Automotive

Car Audio set up/discussion thread

  • Last Updated:
  • Jul 26th, 2020 11:07 am
Deal Expert
Mar 23, 2004
33251 posts
15129 upvotes
bembol wrote: Times have really changed or I'm thinking factory systems are just good enough?
bembol wrote: Getting back into Car Audio, my last system was 13 years ago on my 2002 Acura RSX Premium, I spent about $3k with Alpine Type S series.

I missed it and didn't help my boy got a 2020 Subaru Impreza with the upgraded Rockford Fosgate system. Also I figured, since I'm not going back to the Philippines again this year, why not make use of my money. LOL
RF factory "premium" systems have tended to be pretty good, even since back when the last Lancer came out and had the option. Other "premium" factory audio is widely hit and miss. Factory audio systems are mainly concerned with putting fifty drivers all over the goddamn place so they can advertise "moar speakerz" along with some silly inflated wattage numbers. Even then the audio systems aren't focused much upon say compared to 10 years ago. Now all they gotta do is put any ol' garbage/same ol' garbage in there and instead of needing to advertise speaker counts or wattage, they just need to have Android Auto and/or Car Play and that's all people care about in 2020 :shrug:

I've heard some expensive "premium" factory options along the way that sounded pretty crap, and just have too many speakers bouncing sound everywhere. OTOH some systems that aren't even "premium" and just the standard stereo have been half-decent. It's really quite variable.

Anyway your son seems to have lucked out because as mentioned RF OEM systems are fairly good. In fact, for the most part the OEM systems from Dynaudio, Kicker, RF, Pioneer, are typically better than the "pay for the name" junk from Blose, B&O, Mark Levinson, etc. that you find in a lot of lux cars. Still, pretty much none rival what you can do with what is usually less money, and often with gear from some of those very same companies in the aftermarket.
bembol wrote: Did you upgrade?
Being an old-skool "car audio guy", I don't think I'll ever have a car I don't upgrade the factory audio in. I used to have the opinion that the less they put in there stock, the better--I used to say they should sell cars cheaper w/o the stereo system at all, lol. However now that's a little different because of the degree of integration of features, nav, controls, etc. into the "infotainment" system/interface in modern cars. They should at least sell them w/o speakers and amps but yeah you're not gonna see that happen...
bembol wrote: Upgrading my CivicX, keeping the OEM infotainment but everything else is being upgraded to JL Audio C1 series components , 5-channel and single 12 at the back. I always wanted JL Audio back in the day.
Sounds decent...pun intended??? LOL.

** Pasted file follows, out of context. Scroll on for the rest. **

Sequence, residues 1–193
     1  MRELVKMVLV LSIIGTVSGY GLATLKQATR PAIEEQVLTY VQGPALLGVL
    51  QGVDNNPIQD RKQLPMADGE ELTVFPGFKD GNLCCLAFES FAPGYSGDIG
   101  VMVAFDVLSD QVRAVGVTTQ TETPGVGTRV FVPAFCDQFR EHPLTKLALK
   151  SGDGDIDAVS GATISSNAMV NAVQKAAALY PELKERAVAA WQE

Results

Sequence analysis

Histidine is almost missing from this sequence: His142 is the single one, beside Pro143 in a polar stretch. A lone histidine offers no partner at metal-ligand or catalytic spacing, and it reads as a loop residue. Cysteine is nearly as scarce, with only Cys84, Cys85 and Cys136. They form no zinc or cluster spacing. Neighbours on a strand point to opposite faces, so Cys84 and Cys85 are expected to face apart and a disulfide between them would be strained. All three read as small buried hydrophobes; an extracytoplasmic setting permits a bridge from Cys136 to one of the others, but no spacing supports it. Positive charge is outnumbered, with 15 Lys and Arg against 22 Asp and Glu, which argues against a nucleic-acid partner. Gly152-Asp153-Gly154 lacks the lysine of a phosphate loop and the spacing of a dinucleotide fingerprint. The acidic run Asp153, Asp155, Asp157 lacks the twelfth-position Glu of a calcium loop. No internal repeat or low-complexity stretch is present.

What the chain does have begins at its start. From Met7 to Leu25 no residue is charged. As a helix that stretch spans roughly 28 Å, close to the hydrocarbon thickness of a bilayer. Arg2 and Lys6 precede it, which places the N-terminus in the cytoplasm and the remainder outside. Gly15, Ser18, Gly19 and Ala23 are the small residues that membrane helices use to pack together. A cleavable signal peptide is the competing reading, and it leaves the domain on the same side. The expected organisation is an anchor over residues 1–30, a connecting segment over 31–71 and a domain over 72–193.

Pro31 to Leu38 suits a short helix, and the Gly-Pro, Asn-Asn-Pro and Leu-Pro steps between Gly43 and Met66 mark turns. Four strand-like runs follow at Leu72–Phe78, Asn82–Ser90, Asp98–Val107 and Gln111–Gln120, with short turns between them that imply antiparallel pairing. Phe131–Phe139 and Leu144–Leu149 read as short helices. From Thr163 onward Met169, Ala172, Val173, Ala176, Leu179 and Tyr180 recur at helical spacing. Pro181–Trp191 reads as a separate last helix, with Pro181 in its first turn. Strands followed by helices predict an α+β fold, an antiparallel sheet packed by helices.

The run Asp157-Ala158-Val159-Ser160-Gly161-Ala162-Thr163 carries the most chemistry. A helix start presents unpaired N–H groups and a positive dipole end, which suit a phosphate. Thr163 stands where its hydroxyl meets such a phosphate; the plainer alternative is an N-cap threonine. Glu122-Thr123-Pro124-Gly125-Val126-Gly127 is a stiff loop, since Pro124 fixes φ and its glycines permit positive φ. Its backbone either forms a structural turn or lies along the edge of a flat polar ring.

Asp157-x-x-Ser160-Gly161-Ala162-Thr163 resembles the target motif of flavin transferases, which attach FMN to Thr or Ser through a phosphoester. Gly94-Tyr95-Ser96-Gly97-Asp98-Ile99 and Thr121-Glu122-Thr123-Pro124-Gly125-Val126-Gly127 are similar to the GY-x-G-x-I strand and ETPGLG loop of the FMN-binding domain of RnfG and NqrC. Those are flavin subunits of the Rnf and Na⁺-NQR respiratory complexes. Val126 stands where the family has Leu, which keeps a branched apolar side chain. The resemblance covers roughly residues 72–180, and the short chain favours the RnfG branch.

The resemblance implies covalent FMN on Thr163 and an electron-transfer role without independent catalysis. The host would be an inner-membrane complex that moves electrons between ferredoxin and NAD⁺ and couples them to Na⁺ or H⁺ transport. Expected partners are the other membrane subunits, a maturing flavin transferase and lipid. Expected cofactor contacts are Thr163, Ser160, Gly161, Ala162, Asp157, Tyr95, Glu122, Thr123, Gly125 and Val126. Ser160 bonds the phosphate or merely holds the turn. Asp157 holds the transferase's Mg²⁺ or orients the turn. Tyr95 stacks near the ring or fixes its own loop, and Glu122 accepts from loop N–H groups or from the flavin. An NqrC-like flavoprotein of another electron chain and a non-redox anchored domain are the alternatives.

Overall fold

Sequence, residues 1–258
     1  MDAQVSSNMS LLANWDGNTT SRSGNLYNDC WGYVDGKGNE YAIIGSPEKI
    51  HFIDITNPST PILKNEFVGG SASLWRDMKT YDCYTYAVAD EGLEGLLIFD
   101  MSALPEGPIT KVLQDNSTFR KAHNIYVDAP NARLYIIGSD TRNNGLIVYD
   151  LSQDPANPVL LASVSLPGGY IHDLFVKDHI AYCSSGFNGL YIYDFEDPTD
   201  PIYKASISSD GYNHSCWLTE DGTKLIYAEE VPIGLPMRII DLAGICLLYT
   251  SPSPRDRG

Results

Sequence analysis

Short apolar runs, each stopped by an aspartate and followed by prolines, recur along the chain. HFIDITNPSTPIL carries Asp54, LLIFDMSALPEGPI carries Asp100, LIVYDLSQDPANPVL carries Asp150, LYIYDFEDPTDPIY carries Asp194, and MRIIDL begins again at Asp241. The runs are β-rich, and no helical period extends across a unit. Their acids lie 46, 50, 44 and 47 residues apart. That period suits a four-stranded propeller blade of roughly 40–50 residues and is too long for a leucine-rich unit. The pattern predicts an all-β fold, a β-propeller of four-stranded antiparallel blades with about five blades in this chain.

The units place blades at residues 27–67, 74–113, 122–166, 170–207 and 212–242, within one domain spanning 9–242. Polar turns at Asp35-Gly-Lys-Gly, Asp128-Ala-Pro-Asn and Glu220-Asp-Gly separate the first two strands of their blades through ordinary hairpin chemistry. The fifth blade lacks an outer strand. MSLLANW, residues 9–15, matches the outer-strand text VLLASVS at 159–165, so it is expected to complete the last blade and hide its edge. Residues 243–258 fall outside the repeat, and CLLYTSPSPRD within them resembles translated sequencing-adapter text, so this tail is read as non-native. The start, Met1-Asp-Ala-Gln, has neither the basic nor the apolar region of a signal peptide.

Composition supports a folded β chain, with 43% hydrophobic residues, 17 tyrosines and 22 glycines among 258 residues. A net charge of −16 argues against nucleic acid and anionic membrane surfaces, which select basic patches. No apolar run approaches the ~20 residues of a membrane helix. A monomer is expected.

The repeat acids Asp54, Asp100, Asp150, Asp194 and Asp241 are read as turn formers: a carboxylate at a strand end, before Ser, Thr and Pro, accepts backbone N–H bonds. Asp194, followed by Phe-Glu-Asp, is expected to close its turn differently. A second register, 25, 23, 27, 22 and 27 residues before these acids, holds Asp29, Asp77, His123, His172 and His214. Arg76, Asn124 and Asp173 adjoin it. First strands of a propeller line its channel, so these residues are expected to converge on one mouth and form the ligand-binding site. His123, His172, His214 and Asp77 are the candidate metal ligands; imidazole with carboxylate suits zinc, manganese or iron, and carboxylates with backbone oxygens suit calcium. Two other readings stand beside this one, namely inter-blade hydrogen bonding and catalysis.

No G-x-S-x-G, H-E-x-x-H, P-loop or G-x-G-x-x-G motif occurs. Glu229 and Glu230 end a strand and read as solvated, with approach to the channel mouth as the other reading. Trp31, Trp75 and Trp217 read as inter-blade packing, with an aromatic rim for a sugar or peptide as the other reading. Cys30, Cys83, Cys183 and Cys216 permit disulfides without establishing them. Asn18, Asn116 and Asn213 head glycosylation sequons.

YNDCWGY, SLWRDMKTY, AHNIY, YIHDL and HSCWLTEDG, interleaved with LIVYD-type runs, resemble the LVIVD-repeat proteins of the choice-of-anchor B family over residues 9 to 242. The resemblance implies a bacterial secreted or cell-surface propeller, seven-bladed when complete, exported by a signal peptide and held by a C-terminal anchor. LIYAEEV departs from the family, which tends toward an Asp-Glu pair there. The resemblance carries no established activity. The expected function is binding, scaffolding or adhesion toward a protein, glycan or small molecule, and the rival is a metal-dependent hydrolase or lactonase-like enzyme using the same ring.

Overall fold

bembol wrote: I wonder if I should order some Sound Deadening on amazon?
For Civic, yes I would say so. For the Q3, if/when you decide to upgrade that, TBH you can go completely without it as the doors are both solid and really well sealed from the factory.
CanKon wrote: You do realize the same oem head units are made by the same guys who make "upgrades" right? And I've been hearing this since 2003 when cars started to integrate the HAC with the display...
Uh yeah someone has to manufacture them but it's not really the same thing. Most factory HUs have been OEM'd by various aftermarket companies for ages, the main exceptions being the bigger automakers in the 80s/90s as GM used to have Delco, and Ford and Chrysler also had their own divisions making electronics. Delco often paired with Blose who outlined the specs for the processing and amps for their shitty "premium" systems but still all made by Delco I believe. Chrysler had a similar arrangement with Infinity though I believe Infinity actually manufactured many of the amps. But most "Japanese" marques have had their HUs made by the likes of Pio, Alpine, Panasonic, etc. for ages. Germans, most of them were using Blaupunkt as their OEM. They're not nearly the same thing as what you get in the aftermarket though--not back then and though much closer today, still not the same.

For example OEM processing is all custom tailored and for the most part there is some degree of EQ to the audio that is set from manufacture and cannot be defeated. Back in the day this mostly involved hidden, non-defeatable "loudness" which automatically eases or deactivates when the volume is increased beyond a certain point. Today the hidden EQ/factory colouring of the audio can be quite a bit more complex, but it's still there in some capacity. Yes there are adjustable EQs/settings as well but even today it's mostly limited at things like "low", "mid", "high", while some cars may have a few bands of EQ available, that's about as much as you're gonna see. Crossovers are totally non adjustable as well.
Deal Expert
Mar 23, 2004
33251 posts
15129 upvotes
Bianco13 wrote: Simply tapping the speaker wires to the level inputs on the amp, giving you the accessibility to add a sub-woofer(s). That's exactly what I did with my stock system on my daily driver, huge improvement!
Yeah but you can't defeat the factory EQ/processing/DSP, which can range from mild to "highly coloured" depending on the car make/model. That's why RF sells stuff like the 3SIXTY... I mean I don't really recommend those unless you have a lot of money to burn or if one of those (or similar products) aren't expensive to you, but anyway yeah there's stuff you can't get around a lot of the time. Sometimes there are line-level outputs "hidden" somewhere that can be tapped into but most of the time these days you're screwed.

That said adding some real amps to any factory system will give big improvements.

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